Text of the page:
Face masks are quickly becoming a requirement for all of us, including our kids. School districts opting for in-person classes are mandating masks for students, and both recreational activities and kid-friendly events are following suit. It might seem like an uphill battle to get your child to wear a face mask. But there are several things a parent can do to help their kids get acclimated to wearing it and understanding why it’s important.
According to the American Academy of Pediatrics, kids over the age of two can wear masks. Babies and young toddlers should not due to suffocation risk.
When selecting a mask for your child, find one that is made from at least two layers of fabric. Make sure it is made from a breathable material like cotton and is wide and long enough to ensure the mouth and nose are covered, and that it can be secured by loops around the ears. Children do not need N95 respirators or plastic face shields unless medically indicated by their healthcare providers. When trying on the mask, ensure a proper fit – not too tight or too loose! If the mask slips from a child’s nose, it’s not effective. Once it’s properly put on, make sure your child can breathe.
Many children may be frightened by the idea of wearing a mask. Or, they may have questions about why they have to wear one. Here are some suggestions on what you can do to help explain it to them:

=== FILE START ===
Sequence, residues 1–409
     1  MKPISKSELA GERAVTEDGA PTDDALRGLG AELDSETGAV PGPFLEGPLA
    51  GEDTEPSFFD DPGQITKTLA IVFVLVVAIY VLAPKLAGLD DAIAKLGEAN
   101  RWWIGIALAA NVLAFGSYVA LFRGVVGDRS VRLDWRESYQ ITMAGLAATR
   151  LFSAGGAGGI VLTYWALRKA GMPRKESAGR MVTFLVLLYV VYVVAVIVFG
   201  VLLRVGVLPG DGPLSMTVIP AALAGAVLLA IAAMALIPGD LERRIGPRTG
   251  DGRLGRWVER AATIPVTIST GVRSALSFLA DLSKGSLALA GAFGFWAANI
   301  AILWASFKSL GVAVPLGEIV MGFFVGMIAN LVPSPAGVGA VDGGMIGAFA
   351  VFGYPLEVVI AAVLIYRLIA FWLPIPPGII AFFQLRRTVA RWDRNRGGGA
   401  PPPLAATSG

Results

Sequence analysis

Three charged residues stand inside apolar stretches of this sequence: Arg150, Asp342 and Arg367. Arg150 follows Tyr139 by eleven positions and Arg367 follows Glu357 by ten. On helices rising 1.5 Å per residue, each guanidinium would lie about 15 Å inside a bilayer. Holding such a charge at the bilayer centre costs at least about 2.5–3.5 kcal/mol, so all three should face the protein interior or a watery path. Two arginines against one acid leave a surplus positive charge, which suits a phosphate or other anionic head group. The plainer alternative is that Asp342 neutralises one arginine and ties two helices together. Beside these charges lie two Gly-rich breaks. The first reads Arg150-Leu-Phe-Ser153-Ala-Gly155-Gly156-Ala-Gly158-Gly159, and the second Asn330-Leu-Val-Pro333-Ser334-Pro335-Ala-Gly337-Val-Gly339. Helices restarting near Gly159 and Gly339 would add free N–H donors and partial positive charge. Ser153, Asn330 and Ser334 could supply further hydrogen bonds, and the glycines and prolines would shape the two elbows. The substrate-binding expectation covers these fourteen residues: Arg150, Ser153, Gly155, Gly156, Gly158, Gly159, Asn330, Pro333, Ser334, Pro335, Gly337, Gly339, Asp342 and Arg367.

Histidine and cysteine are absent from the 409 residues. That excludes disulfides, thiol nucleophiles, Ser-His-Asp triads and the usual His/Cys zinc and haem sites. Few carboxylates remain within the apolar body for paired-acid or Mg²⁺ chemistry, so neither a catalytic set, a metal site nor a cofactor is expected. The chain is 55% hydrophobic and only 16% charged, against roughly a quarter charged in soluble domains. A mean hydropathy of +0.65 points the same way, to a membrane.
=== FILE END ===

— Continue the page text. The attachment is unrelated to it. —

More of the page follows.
Face masks for children older than age five
Tell them that there is a virus currently in the environment which can make us sick. Preface that with some discussion about the presence of good and bad germs in the environment around us, protection from germs, good hygiene, and how masks can provide a protective barrier to germs that can enter our body through our nose and mouth.
For children younger than five
Use simple language and talk about masks as something we need to use to prevent us from getting sick and to prevent others from getting sick. Answer any questions they may have in simple terms.
Parents can help make masks look and feel less scary to young children by doing the following:
- Parents should first demonstrate by wearing their own masks.
- Practice putting the mask on a doll and then have your child place the mask on the doll.
- Have the child wear the mask in front of a mirror.
- Allow your child to practice wearing a mask for short periods of time, and gradually increasing the duration as he or she adjusts to wearing it.
- Draw some fun images on the mask for your child, or let them decorate it themselves with drawings. Be careful not to use any stickers or glue-like materials.
Remember, masks are not a substitute to social distancing! Masks are a part of the CDC recommendations, which include proper hand washing, avoiding touching the face/masks, using a hand sanitizer or soap to clean the hands, and staying home and seeking medical care for any symptoms.